Imagine how little farmland would be lost if productive farms were exempt from property tax, if there was a statewide farmers’ retirement fund, and if farming was recognized in statute and in land use planning as the highest and best use of fertile land for the greater public good.
Imagine how many new farmers we’d have if young people with the skills and experience could acquire farmland through zero-interest mortgages, if angel investors supported new farm businesses until they were successfully established, and if we more effectively documented and promoted the long term economic and environmental benefits of farms to communities.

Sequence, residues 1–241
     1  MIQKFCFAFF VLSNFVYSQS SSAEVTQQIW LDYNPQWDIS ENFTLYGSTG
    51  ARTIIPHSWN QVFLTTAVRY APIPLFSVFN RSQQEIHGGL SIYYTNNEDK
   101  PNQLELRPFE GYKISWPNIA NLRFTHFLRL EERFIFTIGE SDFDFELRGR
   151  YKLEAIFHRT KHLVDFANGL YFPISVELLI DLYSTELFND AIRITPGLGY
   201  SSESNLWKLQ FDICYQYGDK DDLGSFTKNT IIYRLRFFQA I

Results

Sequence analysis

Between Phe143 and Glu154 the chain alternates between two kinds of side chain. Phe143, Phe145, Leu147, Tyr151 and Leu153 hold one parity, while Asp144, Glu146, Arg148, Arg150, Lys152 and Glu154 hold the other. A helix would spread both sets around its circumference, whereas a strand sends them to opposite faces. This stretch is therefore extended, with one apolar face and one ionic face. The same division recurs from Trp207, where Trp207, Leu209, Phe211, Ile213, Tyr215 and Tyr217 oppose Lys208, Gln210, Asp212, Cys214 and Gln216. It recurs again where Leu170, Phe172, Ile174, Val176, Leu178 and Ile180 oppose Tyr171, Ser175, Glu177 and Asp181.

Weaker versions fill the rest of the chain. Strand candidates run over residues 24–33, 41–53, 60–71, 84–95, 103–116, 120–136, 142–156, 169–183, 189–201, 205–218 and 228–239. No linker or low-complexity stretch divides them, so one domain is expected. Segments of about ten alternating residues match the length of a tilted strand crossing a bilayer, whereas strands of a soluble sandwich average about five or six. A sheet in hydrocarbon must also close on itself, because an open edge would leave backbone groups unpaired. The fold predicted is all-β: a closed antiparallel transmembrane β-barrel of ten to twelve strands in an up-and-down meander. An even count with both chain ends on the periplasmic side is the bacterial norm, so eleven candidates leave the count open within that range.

Imagine how the purchasing power of consumers would change our food system if foods were required to be labeled with triple bottom line information. This could include the names and location of the farms that grew the raw ingredients; full disclosure of GMO, antibiotics or hormone use; descriptions of soil and water stewardship practices, and the ratios of fossil Btus consumed and greenhouse gases generated per calorie of food energy produced. This kind of information wouldn’t matter to everyone, but a whole lot of people, perhaps a critical mass, would respond to it. They would change what they eat and where they invest their food dollars – and that would enhance the resilience and sustainability of our food system.